Study of the Effects of Surface Morphology and Droplet Growth Dynamics on Condensation Heat Transfer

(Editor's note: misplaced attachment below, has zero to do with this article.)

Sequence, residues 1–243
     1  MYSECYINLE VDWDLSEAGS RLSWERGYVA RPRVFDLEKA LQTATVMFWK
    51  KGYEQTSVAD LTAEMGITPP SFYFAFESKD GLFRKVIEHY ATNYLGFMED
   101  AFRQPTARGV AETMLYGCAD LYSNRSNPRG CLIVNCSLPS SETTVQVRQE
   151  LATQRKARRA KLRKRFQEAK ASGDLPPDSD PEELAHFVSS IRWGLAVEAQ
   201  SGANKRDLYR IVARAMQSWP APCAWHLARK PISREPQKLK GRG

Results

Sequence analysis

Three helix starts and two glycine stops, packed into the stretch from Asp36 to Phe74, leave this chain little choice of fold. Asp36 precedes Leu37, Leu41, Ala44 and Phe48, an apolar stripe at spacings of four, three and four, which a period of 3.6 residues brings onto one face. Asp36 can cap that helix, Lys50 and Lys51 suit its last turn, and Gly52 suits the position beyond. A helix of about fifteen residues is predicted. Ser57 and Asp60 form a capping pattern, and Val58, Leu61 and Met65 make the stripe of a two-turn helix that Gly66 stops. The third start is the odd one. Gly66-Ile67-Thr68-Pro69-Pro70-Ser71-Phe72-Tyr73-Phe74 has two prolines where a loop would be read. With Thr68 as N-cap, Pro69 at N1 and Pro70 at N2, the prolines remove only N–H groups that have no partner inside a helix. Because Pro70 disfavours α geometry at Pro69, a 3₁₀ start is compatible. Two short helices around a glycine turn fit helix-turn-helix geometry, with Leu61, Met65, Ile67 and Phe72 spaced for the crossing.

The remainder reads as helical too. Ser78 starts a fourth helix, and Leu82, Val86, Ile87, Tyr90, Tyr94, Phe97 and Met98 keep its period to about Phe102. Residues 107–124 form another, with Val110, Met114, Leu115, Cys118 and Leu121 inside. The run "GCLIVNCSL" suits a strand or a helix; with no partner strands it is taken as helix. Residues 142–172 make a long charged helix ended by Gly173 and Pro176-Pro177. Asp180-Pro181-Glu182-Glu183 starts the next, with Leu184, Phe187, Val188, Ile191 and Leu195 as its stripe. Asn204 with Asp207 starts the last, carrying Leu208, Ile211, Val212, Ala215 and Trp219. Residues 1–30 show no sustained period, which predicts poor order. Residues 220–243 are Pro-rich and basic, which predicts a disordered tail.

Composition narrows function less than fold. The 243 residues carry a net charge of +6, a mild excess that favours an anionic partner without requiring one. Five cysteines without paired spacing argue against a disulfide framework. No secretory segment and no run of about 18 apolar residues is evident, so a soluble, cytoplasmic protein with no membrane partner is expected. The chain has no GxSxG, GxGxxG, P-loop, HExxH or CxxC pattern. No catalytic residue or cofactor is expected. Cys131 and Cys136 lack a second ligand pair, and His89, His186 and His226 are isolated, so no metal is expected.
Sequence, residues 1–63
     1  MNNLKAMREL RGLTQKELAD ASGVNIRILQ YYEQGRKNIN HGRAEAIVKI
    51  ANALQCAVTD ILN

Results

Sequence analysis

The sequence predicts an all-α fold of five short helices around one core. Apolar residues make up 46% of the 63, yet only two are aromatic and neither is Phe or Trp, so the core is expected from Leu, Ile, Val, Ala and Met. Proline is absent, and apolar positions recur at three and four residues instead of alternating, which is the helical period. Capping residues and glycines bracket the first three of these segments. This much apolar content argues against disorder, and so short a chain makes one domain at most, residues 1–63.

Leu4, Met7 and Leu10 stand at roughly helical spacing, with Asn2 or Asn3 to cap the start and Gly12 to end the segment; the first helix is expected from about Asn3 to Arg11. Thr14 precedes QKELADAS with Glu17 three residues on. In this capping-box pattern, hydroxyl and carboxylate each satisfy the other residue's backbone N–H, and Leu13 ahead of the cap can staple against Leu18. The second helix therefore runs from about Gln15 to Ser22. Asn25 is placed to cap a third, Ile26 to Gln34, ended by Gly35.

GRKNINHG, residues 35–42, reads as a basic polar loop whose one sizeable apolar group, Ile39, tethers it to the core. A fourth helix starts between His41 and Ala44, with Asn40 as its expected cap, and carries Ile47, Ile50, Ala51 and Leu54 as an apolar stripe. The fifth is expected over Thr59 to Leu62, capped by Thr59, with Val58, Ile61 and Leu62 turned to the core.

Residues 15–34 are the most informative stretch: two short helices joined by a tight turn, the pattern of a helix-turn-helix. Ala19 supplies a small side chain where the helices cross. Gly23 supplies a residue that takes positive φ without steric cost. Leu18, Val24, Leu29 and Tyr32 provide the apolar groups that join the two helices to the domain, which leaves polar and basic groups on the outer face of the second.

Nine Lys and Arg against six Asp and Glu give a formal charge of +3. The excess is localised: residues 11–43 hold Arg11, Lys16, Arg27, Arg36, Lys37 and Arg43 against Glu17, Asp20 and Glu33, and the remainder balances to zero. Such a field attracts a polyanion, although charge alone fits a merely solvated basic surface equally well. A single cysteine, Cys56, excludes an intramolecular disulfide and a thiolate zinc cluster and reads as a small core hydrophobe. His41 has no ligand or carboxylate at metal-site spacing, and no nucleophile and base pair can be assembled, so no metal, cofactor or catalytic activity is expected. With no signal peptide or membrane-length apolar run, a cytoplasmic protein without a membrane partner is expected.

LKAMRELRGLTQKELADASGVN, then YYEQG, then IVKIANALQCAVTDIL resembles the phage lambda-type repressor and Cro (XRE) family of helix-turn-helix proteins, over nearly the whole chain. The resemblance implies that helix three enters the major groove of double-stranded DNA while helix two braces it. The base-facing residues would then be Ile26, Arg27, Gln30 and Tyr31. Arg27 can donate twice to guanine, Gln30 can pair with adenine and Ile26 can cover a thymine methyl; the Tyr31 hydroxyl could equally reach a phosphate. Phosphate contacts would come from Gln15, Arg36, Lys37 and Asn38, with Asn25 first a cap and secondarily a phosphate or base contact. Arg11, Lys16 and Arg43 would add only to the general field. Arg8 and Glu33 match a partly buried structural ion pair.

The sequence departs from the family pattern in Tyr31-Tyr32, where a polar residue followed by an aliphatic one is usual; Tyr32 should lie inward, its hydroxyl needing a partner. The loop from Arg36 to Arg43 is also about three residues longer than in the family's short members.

Condensation heat transfer has recently received a lot of renewed attention due to the development and use of surfaces with micro- and nano-scale features. Most of the new surfaces tend to promote drop-wise condensation, which leads to higher rates of heat transfer when compared with film wise condensation. In the current study, the effects of surface morphology and surface chemistry on the condensation mechanisms have been investigated using engineered surfaces. Firstly, hybrid surfaces consisting of an array of micropillars with hydrophobic and hydrophilic sites have been designed to exhibit a distinct Cassie-Baxter wetting behavior at different temperatures. Characterization experiments have revealed that hybrid surfaces depict a unique wetting behavior. Furthermore, more types of engineered surfaces were fabricated including nanoparticle-based hydrophobic surface, polytetrafluoroethylene (PTFE) surface, and self-assembled monolayers (SAMs) surface. Experiments have been conducted to determine the heat transfer performance of all engineered surfaces under a constant humidity level, surface-to-ambient temperature difference, and laminar flow conditions. Experimental results reveal that droplet sliding can have an important effect on heat transfer performance. Also, empirical heat transfer correlations have been postulated and fitted using experimental data using condensing and air temperature difference and Reynolds number as independent variables. Results indicate that the postulated correlations are in excellent agreement with experimental data. In addition, surface temperature data obtained using an advanced IR imaging system have been analyzed to determine the effects of the surface features on droplet growth dynamics. The non-invasive IR measurement technique has been helpful in understanding the droplet growth dynamics such as droplet coalescence. Results to date show that the static contact angles and sliding angles have marked effects on droplet growth and coalescence on the surfaces in the early stages of condensation. Furthermore, results also reveal that droplet sliding angles can have an important effect on droplet sliding motion and condensed droplet dynamics play an important role during the overall condensation process. In summary, the effect of surface morphology and droplet growth dynamics on heat transfer during condensation were investigated and elucidated.